But re: real world, definitely. I think the Sayid as a former Republican Guard torturer was pretty bold considering the on-going "conflict" in Iraq at the time and the revelations about American-inflicted torture at Abu Ghraib. And in "Raised by Another" Boone makes a quip about Hurley coming up with his own Patriot Act.

Jen Chaney: Exactly. I've said this before, but will say it again: "Lost" is an incredibly post-9/11 show, for the very specific reasons Liz mentions, but others, too. The international members of the cast, and the idea that they must try to get along with each other? Obviously a crucial political/social issue in the post-9/11 world.

And I also think the show taps into a feeling that many had, particularly in the months and years that immediately followed 9/11: a real yearning to connect and find a purpose in the wake of a terrible tragedy.

This has been Jen Chaney, totally bringing down the room. Thanks, and please tip your waiters.

Liz Kelly: Actualloy Jen, I don't think that's a bring-down. I think it's hopeful. You're right. The country needed something in the wake of 9/11 and "Lost" helped many people to get their minds off of it and try to make some sense of the world.

Of course, some people also made "American Idol" their drug of choice.

Jen Chaney: Yes. That's the "I'd like to teach the world to sing and buy them all a Coke" approach. Which, in its way, can be a totally valid balm, too.

(Notice how I managed to get a product placement into that sentence? That's soooo "Idol.")

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Sawyer all the way!: As Jen and Liz said, no contest between Sawyer and Dylan - I liked Brandon better anyway. Dyland was a whiney punk!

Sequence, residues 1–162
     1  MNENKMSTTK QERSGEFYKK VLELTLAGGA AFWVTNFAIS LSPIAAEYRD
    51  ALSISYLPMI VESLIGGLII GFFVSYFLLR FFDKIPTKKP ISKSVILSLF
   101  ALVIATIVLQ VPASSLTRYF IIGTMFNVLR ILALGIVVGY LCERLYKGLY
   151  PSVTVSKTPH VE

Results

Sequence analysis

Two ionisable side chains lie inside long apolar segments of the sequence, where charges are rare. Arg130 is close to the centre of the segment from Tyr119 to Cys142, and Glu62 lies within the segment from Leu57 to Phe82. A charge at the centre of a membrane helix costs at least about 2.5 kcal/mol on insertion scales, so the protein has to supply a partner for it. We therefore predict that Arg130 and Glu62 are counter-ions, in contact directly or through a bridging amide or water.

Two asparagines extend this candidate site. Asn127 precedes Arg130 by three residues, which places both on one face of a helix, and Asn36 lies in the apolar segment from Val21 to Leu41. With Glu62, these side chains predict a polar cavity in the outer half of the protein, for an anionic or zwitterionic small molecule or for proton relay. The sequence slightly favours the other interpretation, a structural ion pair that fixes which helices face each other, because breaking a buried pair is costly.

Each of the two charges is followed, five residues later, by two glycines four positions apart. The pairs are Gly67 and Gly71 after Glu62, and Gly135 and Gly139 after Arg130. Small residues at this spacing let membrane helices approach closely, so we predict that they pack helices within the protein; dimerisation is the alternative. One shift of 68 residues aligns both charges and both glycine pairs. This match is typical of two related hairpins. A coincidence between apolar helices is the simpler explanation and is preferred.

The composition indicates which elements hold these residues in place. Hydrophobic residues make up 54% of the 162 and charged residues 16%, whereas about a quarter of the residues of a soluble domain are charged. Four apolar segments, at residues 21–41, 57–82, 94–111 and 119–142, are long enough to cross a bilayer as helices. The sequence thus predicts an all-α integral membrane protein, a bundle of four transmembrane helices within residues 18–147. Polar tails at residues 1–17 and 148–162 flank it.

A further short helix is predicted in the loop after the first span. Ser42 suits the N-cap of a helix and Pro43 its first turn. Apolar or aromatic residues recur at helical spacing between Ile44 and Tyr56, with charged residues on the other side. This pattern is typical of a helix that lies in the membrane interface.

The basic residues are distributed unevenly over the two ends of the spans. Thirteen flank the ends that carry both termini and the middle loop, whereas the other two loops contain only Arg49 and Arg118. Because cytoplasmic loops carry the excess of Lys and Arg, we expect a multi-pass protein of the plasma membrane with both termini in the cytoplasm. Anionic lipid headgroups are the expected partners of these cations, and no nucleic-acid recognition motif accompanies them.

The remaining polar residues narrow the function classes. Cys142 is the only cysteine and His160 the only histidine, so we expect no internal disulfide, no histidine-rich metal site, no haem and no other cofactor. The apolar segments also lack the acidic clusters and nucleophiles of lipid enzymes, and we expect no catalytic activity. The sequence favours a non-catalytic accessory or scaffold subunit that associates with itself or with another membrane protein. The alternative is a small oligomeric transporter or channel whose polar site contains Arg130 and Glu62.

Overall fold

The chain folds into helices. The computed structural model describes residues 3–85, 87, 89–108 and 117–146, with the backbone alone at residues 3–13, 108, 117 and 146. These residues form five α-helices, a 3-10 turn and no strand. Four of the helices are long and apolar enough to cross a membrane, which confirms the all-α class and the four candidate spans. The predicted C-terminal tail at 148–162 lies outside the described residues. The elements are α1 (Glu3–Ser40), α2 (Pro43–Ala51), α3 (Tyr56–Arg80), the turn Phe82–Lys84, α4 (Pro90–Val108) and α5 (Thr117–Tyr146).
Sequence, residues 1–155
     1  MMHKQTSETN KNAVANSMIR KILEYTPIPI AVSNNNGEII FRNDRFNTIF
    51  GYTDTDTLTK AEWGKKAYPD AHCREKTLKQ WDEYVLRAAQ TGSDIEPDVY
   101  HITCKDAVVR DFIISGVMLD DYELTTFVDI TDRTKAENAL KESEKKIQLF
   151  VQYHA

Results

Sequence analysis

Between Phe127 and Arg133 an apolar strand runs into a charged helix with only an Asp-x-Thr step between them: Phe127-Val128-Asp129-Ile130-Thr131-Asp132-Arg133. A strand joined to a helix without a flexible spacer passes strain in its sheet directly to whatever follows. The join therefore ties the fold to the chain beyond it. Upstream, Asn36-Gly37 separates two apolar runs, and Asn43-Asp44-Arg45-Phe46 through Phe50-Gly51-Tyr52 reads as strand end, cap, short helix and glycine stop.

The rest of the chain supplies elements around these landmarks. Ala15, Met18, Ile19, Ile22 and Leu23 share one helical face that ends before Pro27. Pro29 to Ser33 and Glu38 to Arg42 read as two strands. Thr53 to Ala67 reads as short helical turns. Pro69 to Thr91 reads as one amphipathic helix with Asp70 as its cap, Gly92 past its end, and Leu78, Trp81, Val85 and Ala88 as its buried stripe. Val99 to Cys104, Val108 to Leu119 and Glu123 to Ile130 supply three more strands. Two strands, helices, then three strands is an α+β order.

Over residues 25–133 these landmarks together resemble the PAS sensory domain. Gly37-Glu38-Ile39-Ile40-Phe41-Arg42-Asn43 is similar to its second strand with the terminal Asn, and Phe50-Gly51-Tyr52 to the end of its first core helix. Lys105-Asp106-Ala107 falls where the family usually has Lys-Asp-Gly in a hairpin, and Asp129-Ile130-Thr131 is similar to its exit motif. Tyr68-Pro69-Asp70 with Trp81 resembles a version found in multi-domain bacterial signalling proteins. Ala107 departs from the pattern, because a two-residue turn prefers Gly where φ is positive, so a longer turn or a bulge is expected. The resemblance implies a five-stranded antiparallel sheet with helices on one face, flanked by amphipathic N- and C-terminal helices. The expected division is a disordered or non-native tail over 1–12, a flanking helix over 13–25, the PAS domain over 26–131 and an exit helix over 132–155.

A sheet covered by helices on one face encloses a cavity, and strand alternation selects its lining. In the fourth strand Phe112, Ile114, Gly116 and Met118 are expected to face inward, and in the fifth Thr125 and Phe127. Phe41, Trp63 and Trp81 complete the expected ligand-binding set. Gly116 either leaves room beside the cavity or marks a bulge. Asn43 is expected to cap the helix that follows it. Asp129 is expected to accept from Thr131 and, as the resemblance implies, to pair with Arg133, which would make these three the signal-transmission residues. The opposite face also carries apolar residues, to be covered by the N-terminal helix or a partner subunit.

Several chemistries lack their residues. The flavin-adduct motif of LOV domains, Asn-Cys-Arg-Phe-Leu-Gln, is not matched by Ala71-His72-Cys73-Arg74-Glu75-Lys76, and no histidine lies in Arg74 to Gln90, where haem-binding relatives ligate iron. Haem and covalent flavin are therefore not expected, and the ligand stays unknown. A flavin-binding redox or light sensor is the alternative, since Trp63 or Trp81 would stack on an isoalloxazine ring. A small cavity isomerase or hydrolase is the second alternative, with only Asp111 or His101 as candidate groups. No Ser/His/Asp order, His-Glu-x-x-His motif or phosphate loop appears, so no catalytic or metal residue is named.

Jen Chaney: Now, let's not get crazy. I didn't say I didn't *like* Dylan. I'm just saying that he's no Sawyer.

Dylan was all angst propped up by hair mousse, whereas Sawyer is dealing with genuine pain, masked by sarcasm and a uniquely greasy hunkiness. It's a recipe for sexy!

Liz Kelly: Ya know, I'm just realizing this now, but...

I loved "90210." Watched it religiously. But none of the guys on the show were really "all that," when you think about it. Dylan and Brandon. Meh. Steve Sanders? No way. David Silver? Puh-leeze.

Jen Chaney: We were young then, Liz. And it was a different time, an era when having Color Me Badd guest star on your show somehow did not add up to career suicide.

Liz Kelly: Just because you had to invoke Color Me Badd, I have to leave everyone with this today:

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Locke: He's so obtuse, it's like he's purposely trying to pit them against each other. Heck, he tried to blame the transmitter issues on Sawyer. (btw - do you think he loves the band Rush?)

Jen Chaney: All males over a certain age like the band Rush. It's programmed into their DNA.

I wonder about the purposely thing. In "Raised by Another," when Sayid returns from his stay at Chateau Rousseau, he says "We're not alone on this island." At which point, Locke emerges from the shadows looking a little concerned. Coincidence? Hmmm...

Liz Kelly: That totally struck me in a different way:

Sayid says "We're not alone on this island" and we cut to a menacing Ethan meeting Claire and Aaron in the jungle.

Though Locke was definitely hovering.

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Arlington, VA: I'm not much of a Kate fan, but I actually kinda liked her in Season 1. She had humor and chutzpah and a can-do attitude. When she wasn't running away. I loved it when she and Sawyer were fighting over the case. Nowadays she isn't nearly so interesting.

Liz Kelly: I totally agree -- I am really surprised by how much I'm liking Kate in this first season. She cared about other people, she had a sense of humor, she didn't spend most of her time pouting. Sigh.

Interestingly, it's kind of neat how true the rest of the actors stayed to their original characterizations. Season 1 Hurley is virtually interchangeable with Season 5 Hurley.

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Liz Kelly: Okay, that's it for this week. For next week's chat, we'll be watching:

"All the Best Cowboys Have Daddy Issues," "Whatever the Case May Be," and "Hearts and Minds."

Til then...